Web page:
Regardless, it was appropriate and conservative to chastise the murder fetishizers at the Trump killing play. And you wusscons – don’t start with the, “Well, it’s a play and you don’t understand literature, and the whole butchering the president thing is art which you obviously don’t understand” baloney. Without their POTUS-murdering dog whistle, this would just be another bunch of theater geeks putting on a show. They are rubbing their violent threats in our faces while gaslighting us to the effect that we shouldn’t believe our own lying eyes.

Now, the good faith critique of the disruption, the one not made by conservatism’s Sore Loser League, is that we don’t silence presentations, that we don’t inject the political into the personal, and that we don’t interfere with free speech. Simply because liberals do all those things does not mean we should too. That’s true, to a point.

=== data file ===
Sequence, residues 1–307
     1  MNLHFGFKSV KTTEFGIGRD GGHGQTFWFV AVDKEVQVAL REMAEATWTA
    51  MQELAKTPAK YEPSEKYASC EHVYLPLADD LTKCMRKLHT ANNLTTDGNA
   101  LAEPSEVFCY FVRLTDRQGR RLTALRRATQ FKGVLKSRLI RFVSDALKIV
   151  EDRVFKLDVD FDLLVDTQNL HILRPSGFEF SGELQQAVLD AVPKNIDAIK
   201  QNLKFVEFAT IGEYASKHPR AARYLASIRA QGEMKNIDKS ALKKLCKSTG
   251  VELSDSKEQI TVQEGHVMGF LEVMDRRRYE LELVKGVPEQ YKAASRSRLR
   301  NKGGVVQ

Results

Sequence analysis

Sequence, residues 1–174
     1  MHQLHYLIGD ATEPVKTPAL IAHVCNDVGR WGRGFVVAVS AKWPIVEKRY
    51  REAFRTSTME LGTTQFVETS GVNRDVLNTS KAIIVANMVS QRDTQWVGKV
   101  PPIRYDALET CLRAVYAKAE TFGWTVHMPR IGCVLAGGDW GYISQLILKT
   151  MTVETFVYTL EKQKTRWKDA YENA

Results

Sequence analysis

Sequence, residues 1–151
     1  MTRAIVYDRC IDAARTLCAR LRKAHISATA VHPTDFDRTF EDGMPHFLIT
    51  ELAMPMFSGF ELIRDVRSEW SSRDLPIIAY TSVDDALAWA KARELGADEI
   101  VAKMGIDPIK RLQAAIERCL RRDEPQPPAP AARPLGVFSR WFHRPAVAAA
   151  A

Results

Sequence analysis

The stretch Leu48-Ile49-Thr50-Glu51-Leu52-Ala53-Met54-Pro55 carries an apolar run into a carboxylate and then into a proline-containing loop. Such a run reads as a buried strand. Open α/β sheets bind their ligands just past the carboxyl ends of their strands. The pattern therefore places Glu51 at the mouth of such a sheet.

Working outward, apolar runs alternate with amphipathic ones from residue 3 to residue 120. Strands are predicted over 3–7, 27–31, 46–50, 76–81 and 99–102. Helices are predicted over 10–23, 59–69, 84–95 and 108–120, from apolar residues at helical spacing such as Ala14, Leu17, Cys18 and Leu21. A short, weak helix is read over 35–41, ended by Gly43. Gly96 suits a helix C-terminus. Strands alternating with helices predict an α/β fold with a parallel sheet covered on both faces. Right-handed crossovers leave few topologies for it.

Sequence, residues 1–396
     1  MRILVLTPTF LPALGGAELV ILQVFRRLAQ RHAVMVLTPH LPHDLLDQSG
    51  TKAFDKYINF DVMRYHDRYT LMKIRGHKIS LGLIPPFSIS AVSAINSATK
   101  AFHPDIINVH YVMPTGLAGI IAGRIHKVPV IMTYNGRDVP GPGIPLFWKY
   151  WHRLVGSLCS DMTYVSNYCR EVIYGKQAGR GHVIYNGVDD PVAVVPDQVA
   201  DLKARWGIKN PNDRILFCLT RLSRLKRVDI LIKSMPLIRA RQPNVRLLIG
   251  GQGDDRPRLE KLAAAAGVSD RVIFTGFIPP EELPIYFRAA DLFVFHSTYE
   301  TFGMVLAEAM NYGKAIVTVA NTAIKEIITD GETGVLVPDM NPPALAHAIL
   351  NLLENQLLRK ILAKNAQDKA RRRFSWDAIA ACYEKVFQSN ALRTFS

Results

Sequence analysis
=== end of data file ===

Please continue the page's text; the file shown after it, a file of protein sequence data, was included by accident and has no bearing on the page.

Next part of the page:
But let’s look at what actually happened. Some sort-of goofy people infiltrated the Murder/Trump staging of Julius Caesar and started yelling about how these giddy liberals needed to stop celebrating political violence, especially after one of their liberal ilk tried to butcher two dozen GOP legislators a few days before. They didn’t shut down the show – they paused it, for about a minute. After the main one was hustled off-stage, some guy started shouting about how the audience was “Goebbels,” which was embarrassingly silly. Then they followed it up with a lot of whining about being arrested, apparently not understanding how civil disobedience works. So, the initial stage rush was amusing and effective – a measured and short-term protest that did not prevent the moronic staging from continuing. The rest though, as Saul Alinsky warned, became a drag.


Overall, give it a B-. Next time, make your point and move on.

And yes, there should be a next time. There is a case for this sort of activity. It’s just not something we have done much of to date, but we should do more.